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The Trojan War
The Fairest of All
Early Greece is probably most famous for a long and bloody war. The war took place between Greece and the city of Troy. It was called the Trojan War. Here is how it began. Up on Mount Olympus, the gods and goddesses were having a party. A rather mean goddess named Eris (EAR -iss) was not asked to the party. This made her very angry. So Eris waited outside the party with a golden apple in her hand. On it she wrote, "For the fairest." She threw the apple into the middle of the party.
Each goddess believed she was the fairest. All of them wanted the apple. The gods at the party decided that one of three goddesses must be the fairest. These were Hera, Athena, and Aphrodite. Hera was queen of the gods and the wife of Zeus. Athena was the goddess of wisdom and the daughter of Zeus. Aphrodite was the goddess of love and beauty.
"You pick among us," the three goddesses begged Zeus. "Who is the fairest of us all?"
"You are all beautiful," said Zeus. "I will not choose. There is a fine young man named Paris. He is the son of King Priam (PRY-um) of Troy. I shall send the three of you to him. He will decide who should get the golden apple."
Paris was off in the hills keeping his fathers sheep. The King had sent him there because the gods had told him that Troy would be destroyed because of Paris. The king felt it was the best to send his son away.
What a surprise for Paris when three goddesses appeared before him! They did not ask him who was the fairest. Rather, each goddess told him what she would give him if he picked her.
"I will give you all of Europe and Asia," promised Hera, the queen of the gods.
"I will give you the mind to win a war someday!" promised Athena, the goddess of wisdom.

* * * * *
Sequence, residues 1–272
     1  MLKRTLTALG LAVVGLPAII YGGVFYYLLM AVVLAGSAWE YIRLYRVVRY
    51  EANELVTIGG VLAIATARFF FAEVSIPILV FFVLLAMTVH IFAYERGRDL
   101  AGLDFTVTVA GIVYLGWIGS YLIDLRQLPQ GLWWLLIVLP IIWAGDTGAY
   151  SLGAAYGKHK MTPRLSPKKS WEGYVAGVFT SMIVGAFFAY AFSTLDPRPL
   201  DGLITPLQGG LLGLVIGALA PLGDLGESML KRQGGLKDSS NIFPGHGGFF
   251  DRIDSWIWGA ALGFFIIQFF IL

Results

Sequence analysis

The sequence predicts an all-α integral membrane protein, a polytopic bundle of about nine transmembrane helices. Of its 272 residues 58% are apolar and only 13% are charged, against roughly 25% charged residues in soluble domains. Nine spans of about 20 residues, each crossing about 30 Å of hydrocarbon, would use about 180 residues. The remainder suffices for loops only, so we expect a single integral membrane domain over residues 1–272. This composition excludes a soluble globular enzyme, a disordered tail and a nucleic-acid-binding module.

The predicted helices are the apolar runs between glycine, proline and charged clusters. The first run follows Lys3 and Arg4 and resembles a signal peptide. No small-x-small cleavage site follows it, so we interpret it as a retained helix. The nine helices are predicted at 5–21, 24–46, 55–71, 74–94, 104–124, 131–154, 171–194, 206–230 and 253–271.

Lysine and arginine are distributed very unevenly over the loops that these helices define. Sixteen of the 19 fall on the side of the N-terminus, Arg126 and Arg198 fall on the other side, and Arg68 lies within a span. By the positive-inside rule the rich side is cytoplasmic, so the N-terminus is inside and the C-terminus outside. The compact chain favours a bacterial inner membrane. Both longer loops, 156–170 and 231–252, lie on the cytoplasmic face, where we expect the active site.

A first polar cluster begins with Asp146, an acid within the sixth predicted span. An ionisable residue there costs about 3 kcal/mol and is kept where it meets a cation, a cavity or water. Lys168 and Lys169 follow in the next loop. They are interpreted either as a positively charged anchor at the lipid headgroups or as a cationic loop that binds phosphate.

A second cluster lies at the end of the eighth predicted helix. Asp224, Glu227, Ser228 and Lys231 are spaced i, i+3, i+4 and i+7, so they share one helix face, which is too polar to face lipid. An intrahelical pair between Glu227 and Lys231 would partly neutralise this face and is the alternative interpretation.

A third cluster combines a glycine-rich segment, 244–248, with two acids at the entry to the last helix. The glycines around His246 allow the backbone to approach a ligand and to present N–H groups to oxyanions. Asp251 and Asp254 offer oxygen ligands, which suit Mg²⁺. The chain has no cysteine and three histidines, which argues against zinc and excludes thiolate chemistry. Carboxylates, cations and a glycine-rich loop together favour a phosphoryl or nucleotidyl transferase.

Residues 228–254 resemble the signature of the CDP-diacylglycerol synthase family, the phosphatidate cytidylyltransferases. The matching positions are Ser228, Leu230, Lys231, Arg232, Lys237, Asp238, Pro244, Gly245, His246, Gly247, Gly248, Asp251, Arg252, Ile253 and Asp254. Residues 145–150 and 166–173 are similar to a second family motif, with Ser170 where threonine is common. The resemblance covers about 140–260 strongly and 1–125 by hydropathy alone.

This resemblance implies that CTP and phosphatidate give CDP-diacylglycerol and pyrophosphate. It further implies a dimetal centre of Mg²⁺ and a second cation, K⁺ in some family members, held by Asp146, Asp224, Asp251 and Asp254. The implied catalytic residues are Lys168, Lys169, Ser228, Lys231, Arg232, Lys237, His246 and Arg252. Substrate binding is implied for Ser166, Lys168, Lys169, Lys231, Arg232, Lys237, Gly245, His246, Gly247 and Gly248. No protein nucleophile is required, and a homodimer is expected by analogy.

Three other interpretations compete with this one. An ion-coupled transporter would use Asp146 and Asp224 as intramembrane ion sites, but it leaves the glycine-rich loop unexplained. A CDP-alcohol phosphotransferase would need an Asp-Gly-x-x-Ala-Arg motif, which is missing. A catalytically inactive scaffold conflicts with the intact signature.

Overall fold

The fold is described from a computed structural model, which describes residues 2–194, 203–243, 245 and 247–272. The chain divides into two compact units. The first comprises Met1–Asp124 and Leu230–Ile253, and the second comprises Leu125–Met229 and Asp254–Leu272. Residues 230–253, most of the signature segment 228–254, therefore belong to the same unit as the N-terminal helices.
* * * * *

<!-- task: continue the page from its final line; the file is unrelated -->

"I will give you the fairest woman in the world!" promised Aphrodite, the goddess of love.
Paris did not want power or wisdom. He wanted love. He gave the golden apple to Aphrodite.
"The fairest woman is Helen," she said. "She is married to Menelaus (Men-uh-LAY-us), the King of the Greek city of Sparta."
Paris headed for Sparta. He did not know then about a promise made among the men of Greece.
The promise came about when Helen's father was trying to choose her husband. She was so beautiful that her father was afraid. If he chose one man, the others would be angry. They might go to war against the one he chose.
So all the men made a promise. All of them would help Helens husband if anyone tried to steal her away. Helen married Menelaus. The other men kept their promise. They would help him if he needed it.
When Paris got to Sparta, he went to visit Helen and Menelaus. They brought him into their home and were very nice to him. Then Menelaus had to go away. While he was gone, Paris and Helen fell in love and ran away together.
When Menelaus returned, his beautiful wife was gone. He called upon the men of Greece to help him get her back. They all set off for Troy to find Paris and bring Helen home. Paris had no idea what his city would have to face. His love for Helen would start a war.
The war between Troy and Greece began. There were battles on land and sea. Both sides fought so hard that the war went on for 10 years. Yet in all this time, the Greeks could not get into the city of Troy. A high wall ran all around the city, and the Greeks could not get by it.
The great hero of the Greek army was Achilles (uh-KILL-eez). He was strong and brave, and everyone knew it. He had won many battles for the Greeks.
As strong as he was, however, Achilles had a weak spot. When he was a baby, his mother dipped him into a magic river. The water from this river would keep Achilles safe from harm. However, when his mother dipped him, she held him by the place just above his right heel. The magic water did not touch that spot. Achilles' heel was the one place he could be hurt.